The groaning in the sky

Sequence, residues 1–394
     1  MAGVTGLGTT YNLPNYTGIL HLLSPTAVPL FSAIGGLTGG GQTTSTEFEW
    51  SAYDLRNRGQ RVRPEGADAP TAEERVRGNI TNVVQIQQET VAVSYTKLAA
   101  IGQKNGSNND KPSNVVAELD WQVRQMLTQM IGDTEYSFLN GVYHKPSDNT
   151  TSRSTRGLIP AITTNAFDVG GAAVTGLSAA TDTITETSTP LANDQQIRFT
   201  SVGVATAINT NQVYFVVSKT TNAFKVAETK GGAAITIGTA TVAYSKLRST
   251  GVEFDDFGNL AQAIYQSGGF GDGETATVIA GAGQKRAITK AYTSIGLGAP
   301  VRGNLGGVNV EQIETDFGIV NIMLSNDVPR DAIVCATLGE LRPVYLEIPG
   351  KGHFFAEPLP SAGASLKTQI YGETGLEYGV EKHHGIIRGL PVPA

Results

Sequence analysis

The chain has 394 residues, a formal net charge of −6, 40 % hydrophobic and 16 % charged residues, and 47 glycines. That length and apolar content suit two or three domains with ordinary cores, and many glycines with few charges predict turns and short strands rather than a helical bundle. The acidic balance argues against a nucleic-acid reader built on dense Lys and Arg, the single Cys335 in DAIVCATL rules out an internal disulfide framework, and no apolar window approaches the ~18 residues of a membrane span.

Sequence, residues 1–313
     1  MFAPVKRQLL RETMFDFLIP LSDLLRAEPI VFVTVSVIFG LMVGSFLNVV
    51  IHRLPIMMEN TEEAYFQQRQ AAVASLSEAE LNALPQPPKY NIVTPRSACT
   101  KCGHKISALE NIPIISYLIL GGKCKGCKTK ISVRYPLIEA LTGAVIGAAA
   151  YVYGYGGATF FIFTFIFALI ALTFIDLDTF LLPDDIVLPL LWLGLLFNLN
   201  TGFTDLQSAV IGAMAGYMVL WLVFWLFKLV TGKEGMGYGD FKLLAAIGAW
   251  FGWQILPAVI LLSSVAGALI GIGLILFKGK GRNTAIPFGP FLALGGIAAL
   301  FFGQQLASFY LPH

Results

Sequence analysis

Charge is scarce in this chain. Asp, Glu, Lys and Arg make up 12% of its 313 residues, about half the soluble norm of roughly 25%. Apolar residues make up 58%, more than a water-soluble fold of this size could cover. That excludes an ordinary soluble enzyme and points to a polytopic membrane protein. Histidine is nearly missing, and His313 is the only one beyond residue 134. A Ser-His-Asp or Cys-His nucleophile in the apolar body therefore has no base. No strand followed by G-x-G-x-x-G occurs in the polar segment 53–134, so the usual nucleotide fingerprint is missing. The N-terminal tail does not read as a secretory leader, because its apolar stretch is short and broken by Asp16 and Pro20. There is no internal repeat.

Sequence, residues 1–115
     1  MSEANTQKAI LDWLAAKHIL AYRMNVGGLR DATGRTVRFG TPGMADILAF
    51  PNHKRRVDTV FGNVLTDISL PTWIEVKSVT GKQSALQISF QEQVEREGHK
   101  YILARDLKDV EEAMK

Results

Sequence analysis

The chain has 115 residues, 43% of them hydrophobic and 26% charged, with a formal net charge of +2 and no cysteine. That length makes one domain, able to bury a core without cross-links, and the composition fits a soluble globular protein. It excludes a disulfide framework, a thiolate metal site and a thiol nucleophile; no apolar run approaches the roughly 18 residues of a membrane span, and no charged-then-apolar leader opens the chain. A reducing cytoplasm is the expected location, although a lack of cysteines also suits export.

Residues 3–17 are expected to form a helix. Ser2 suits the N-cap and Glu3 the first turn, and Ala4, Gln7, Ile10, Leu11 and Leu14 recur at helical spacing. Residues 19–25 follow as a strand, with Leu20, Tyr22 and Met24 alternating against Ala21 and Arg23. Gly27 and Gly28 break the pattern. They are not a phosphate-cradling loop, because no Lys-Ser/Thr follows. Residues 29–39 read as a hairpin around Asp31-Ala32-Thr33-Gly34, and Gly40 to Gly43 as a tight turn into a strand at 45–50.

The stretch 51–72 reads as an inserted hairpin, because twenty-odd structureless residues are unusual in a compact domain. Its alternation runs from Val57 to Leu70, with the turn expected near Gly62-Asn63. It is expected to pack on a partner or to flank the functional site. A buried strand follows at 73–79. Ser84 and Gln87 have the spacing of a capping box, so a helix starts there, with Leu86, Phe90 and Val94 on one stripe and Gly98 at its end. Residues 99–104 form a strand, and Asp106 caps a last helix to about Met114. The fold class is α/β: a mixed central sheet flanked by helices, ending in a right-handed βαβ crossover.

Can you hear the rumblings from on high? Giants of finance and industry are battling to keep their lives and – as they would have you believe – all of humanity, together. We doubt we are alone in finding this all very confusing and frustrating. The story is an exciting one, but it isn’t clear why we should care. How will this affect us? It seems that there is no definitive answer – the variables are too many and their movements too huge. The cause and effect relationship is simply unable to be understood or put in simple, clear terms. But there are movements that we can understand, and they are not of the kind that require the shuffling-about of vast oceans of money. The every-day transactions that we feel in our back pockets are changing. Food and fuel prices are increasing and every day our dollars seem to get us less and less. So why should we pay so much heed to the fortunes of these titanic institutions? The question on our minds is not, “How will we dig ourselves out of this ‘financial crisis?” but “How, or in what manner, will we continue to live?” What will the changing fortunes of indus?try mean to the people standing in checkout lines and gas pumps across this land? What kinds of changes will we feel years down the road, and what can be done about that? It is time that we re-focus on the mundane. Though the groaning from the sky makes for a compelling drama, it tends to lead us away from concern for the human beings that lend this crisis real urgency and importance. Why are billions being spent to prop-up these stumbling titans, but not on us? How do we justify welfare for the elite, but not for “the people” of America? The common justification is that these shiftings will affect ordinary people – like a tectonic shifting below our feet that quakes the ground – these little-felt financial changes threaten to flatten our neighborhoods. But we can’t continue to delude ourselves into thinking that these things are understandable – let alone within the reach of our controlIf anything, this crisis proves that – even with extraordinary education and experience, the managers of this vast wealth just don’t know what they are doing. Let us care not for these blindly and power-drunkenly stumbling monsters. Let us let the storm pass overhead, and in the meantime hunker down with our friends and families and make sure they can weather. Good luck.